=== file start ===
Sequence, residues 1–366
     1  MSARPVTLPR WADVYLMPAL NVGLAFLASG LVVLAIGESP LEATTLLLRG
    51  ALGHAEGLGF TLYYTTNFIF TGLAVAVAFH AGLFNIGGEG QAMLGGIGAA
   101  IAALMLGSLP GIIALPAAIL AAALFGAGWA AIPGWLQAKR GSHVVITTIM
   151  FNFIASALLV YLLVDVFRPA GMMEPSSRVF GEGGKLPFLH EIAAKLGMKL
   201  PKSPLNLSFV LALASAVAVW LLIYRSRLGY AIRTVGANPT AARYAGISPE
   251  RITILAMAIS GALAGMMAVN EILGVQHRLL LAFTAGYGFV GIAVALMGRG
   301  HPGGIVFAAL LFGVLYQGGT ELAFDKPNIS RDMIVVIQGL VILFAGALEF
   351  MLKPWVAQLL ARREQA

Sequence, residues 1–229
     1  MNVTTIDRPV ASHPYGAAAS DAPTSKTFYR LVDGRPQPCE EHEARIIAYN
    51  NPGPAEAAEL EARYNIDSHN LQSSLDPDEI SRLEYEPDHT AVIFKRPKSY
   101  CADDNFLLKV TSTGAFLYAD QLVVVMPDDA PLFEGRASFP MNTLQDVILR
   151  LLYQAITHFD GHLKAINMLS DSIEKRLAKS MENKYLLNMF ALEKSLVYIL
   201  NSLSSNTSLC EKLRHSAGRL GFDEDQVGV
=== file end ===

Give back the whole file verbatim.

Sequence, residues 1–366
     1  MSARPVTLPR WADVYLMPAL NVGLAFLASG LVVLAIGESP LEATTLLLRG
    51  ALGHAEGLGF TLYYTTNFIF TGLAVAVAFH AGLFNIGGEG QAMLGGIGAA
   101  IAALMLGSLP GIIALPAAIL AAALFGAGWA AIPGWLQAKR GSHVVITTIM
   151  FNFIASALLV YLLVDVFRPA GMMEPSSRVF GEGGKLPFLH EIAAKLGMKL
   201  PKSPLNLSFV LALASAVAVW LLIYRSRLGY AIRTVGANPT AARYAGISPE
   251  RITILAMAIS GALAGMMAVN EILGVQHRLL LAFTAGYGFV GIAVALMGRG
   301  HPGGIVFAAL LFGVLYQGGT ELAFDKPNIS RDMIVVIQGL VILFAGALEF
   351  MLKPWVAQLL ARREQA

Sequence, residues 1–229
     1  MNVTTIDRPV ASHPYGAAAS DAPTSKTFYR LVDGRPQPCE EHEARIIAYN
    51  NPGPAEAAEL EARYNIDSHN LQSSLDPDEI SRLEYEPDHT AVIFKRPKSY
   101  CADDNFLLKV TSTGAFLYAD QLVVVMPDDA PLFEGRASFP MNTLQDVILR
   151  LLYQAITHFD GHLKAINMLS DSIEKRLAKS MENKYLLNMF ALEKSLVYIL
   201  NSLSSNTSLC EKLRHSAGRL GFDEDQVGV